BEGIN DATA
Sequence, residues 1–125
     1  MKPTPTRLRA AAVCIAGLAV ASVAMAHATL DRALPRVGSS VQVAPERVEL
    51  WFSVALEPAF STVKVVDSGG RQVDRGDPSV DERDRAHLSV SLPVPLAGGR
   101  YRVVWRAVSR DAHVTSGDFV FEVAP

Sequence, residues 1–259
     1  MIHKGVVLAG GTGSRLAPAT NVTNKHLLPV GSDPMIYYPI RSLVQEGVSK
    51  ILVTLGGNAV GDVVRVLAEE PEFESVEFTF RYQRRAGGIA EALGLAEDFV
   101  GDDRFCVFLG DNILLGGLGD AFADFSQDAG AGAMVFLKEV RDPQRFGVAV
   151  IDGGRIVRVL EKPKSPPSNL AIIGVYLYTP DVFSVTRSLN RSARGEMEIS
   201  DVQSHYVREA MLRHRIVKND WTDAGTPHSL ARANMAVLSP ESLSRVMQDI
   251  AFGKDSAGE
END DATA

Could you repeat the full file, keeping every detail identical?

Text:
Sequence, residues 1–125
     1  MKPTPTRLRA AAVCIAGLAV ASVAMAHATL DRALPRVGSS VQVAPERVEL
    51  WFSVALEPAF STVKVVDSGG RQVDRGDPSV DERDRAHLSV SLPVPLAGGR
   101  YRVVWRAVSR DAHVTSGDFV FEVAP

Sequence, residues 1–259
     1  MIHKGVVLAG GTGSRLAPAT NVTNKHLLPV GSDPMIYYPI RSLVQEGVSK
    51  ILVTLGGNAV GDVVRVLAEE PEFESVEFTF RYQRRAGGIA EALGLAEDFV
   101  GDDRFCVFLG DNILLGGLGD AFADFSQDAG AGAMVFLKEV RDPQRFGVAV
   151  IDGGRIVRVL EKPKSPPSNL AIIGVYLYTP DVFSVTRSLN RSARGEMEIS
   201  DVQSHYVREA MLRHRIVKND WTDAGTPHSL ARANMAVLSP ESLSRVMQDI
   251  AFGKDSAGE